In 2017, Great Britain suffered three terrorist attacks. In March, in London, there was the incident at Westminster Bridge and the Parliament; in June, the incidents at London Bridge and Borough Market, and in May, in Manchester, and the attack at the end of the concert given by the American singer Ariana Grande. These terrorist attacks caused the deaths of 35 people.
Obviously, these continued incidents have led to a debate in British society about the radicalisation process and measures to detect it. In this debate, the British government wants to change legislative framework in order to give greater powers to the intelligence services (MI5) and to the police in order to prevent further acts of terrorism.
MI5 informs that there are over 23,000 cases to monitor, but that only 3,000 are investigated. Furthermore, according to British government data, the terrorist threat has increased since 2011, when the anti-terrorism strategy was published.
The new government proposal, according to most of the British press, gives power to MI5 to be able to work and coordinate police work and the rest of the services involved, both locally and nationally. The objective is to be able to place those suspected of being radicalised under surveillance.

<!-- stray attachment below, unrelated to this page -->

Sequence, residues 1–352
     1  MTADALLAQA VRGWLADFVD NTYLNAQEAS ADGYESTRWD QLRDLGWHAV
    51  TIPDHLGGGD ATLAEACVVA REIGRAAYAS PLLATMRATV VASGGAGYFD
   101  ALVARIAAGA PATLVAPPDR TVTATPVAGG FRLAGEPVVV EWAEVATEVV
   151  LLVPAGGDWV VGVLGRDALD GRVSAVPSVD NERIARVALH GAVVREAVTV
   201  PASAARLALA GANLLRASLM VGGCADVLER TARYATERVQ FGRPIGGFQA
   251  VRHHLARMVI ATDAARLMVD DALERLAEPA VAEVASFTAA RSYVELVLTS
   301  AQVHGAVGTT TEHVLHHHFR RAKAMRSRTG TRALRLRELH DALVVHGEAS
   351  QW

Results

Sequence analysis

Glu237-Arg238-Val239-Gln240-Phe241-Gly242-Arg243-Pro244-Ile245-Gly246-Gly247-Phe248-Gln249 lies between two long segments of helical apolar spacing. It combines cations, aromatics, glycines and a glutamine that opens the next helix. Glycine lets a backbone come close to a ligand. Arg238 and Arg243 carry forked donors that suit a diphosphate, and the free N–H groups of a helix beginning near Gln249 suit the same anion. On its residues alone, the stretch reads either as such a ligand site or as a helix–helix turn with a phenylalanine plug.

There is a wish to extend prison terms, as the British government had already announced, and intense monitoring is proposed even when the person has completed his/her sentence. There is also a call for teachers, doctors and other community leaders to inform of anyone they suspect of being radicalised.
The objective, according to the Home Secretary, is to leave no space for terrorism, impeding recruitment to keep families and the community safe.
- MI5 and police to be given new anti-terror powers ‘to target certain high-risk communities’
- Security services ‘to get more power to stop attacks’